Gol Brazilian Restaurant's cooks prepare top sirloin, bacon-wrapped pork, chicken hearts, and other meats in the traditional gaucho style—by skewering them onto metal rods and slow-roasting them over charcoal. Besides the succulent churrasco selections, a buffet of fresh, flavorful salads and hot dishes such as spaghetti carbonara and croquettes round out the menu. Patrons can sip fresh fruit juices, beer, or wine and finish meals with creamy flan and other desserts while observing the footwork of Brazilian soccer teams on the flat-screen TV.
Brazilian Steak House | Award-Winning Churrasco | Hot-Food Buffet | Caipirinha Cocktails | Fixed-Price Menu
How it Works: During this all-you-can-eat fine-dining experience, customers are first seated at tables bedecked with white linens. Then, a server parades out a selection of 16 churrascaria meats, carving off a portion of skewered beef, lamb, pork, or chicken. A two-sided, colored coaster—green for "keep it coming," red for "I'm stuffed"—lets the staff know if you'd like seconds or thirds. Diners can also help themselves to the buffet of salad fixings and side dishes.
Inside Tip: Vegetarians can skip out on the meat and pay a reduced price for the salad and sides buffets. The extensive salad bar is filled with traditional choices as well as tabbouleh and pickled shiitake, and the hot side dishes include a "mashed potato so smooth it could pass for crème fraîche," according to OC Weekly.
Caipirinha: a Brazilian cocktail made with the sugarcane-based spirit cachaça and lime juice
If You Can’t Make It, Try This: Amazon Churrascaria BBQ Buffet (1445 S. Lemon Street, Fullerton), more casual—but no less authentic—spot for Brazilian cuisine according to the Los Angeles Times.
Skewered cuts of sirloin, brazilian sausage, and pork ribs rotate slowly over a sweltering grill, their savory juices producing a rhythmic hiss as each drop hits the metal. This is churrasco, Xodó Grill's specialty. Once the traditional Brazilian barbecue has roasted to a tender finish, the staff slices off juicy morsels for customers to pair with 12 types of salads and a slate of hot dishes from the colorful buffet. Heaping plates of fried yucca, picanha, and cheese bread await the scales, which customers use to pay by the pound and Lady Justice uses to smuggle extra cuts of steak.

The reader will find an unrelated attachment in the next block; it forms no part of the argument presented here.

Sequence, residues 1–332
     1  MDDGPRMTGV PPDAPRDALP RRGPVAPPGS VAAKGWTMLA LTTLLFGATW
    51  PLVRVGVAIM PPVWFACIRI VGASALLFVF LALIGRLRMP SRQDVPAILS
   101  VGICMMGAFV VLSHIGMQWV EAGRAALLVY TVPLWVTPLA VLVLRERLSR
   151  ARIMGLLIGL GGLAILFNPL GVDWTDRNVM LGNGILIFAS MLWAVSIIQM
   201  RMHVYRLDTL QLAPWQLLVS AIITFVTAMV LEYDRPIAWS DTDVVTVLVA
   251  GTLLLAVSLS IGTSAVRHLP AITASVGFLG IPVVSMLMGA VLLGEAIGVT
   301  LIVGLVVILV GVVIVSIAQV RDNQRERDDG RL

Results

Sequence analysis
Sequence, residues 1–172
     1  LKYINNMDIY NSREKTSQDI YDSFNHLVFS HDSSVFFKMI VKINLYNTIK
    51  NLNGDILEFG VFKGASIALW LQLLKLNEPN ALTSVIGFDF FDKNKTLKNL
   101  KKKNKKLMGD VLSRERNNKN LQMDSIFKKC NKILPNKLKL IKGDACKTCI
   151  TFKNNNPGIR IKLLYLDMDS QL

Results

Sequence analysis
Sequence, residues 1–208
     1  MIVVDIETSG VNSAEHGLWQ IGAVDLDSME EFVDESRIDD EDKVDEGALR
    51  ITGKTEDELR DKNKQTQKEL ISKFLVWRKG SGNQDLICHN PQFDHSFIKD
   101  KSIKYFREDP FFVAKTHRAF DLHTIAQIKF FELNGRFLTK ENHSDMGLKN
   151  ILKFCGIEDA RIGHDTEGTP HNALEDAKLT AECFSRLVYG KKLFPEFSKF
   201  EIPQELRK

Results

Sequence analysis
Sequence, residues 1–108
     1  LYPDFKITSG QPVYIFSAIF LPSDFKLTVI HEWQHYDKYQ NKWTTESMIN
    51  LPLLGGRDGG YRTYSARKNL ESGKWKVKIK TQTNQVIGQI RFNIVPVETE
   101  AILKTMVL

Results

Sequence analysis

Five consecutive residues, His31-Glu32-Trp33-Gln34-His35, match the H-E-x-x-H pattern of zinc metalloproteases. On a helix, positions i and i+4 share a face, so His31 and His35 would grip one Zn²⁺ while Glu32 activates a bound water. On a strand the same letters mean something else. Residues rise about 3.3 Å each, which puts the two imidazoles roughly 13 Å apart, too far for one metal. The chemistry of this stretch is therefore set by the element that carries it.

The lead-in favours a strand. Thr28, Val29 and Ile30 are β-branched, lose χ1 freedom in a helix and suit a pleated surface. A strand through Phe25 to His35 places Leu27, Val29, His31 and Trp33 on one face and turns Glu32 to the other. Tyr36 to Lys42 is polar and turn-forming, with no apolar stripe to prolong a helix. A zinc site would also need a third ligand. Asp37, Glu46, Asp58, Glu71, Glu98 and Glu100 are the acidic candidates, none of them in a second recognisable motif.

Arashi Teppan Steak and Sushi's dining room boasts decor as warm and inviting as the fires that spring from its mid-table griddles, where chefs tend food before diners' eyes. They turn food preparation into a performance of showy knife-work and spouting flames, with a finale of delicious meals. While they prepare stir-fried meats, rice, and seafood for guests, sushi chefs turn similar ingredients into elegantly plated raw rolls, drizzled with intricate patterns of sauce as flavorful as they are colorful.
Highland Springs Resort's friendly staff has been welcoming guests since 1884. The present-day grounds include a thousand-year-old black oak tree in the Cherry Valley foothills, more than 20 acres of farmland ripe with organic herbs, and miles of hiking trails accessible with a visitor guest pass. The deluxe inn room, which echoes the resort's rustic, simple feel, hides behind green and growing charms, including gardens, vined verandas, and plumes of shrubbery rearranged daily by millions of heavy-lift butterflies. Located roughly 80 miles from San Gabriel, Highland Springs Resort is close enough to bookend your work week without spending all of it in the car.
The chefs at Mill Creek Cattle Co. serve up an expansive menu of slow-smoked meats amid a boot-stomping array of vivid Wild West–inspired décor. Each morning, the Mill Creek meat mavens awake to blend another batch of custom barbecue sauce—a tangy mix of bell peppers, onions, chili peppers, tomato sauce, and secret seasonings—to be slathered on slabs cooked over an aromatic, citrus-wood smoker. Tuck teeth into the harmonious flavors of the pulled and occasionally pushed pork ($14.95), or compose melodies on the meaty xylophone of the original baby back ribs ($21.95 for a full rack). The fried steak ($15.95) tramples appetites under a stampede of battered beef, mashed potatoes, gravy, and cornbread, served with a side of honey butter churned by extraordinarily strong bees. A 25-ounce root-beer float ($3.95) helps to soothe oversauced incisors, and hot chocolate ($2) can provide a mahogany hue to prized coonskin caps.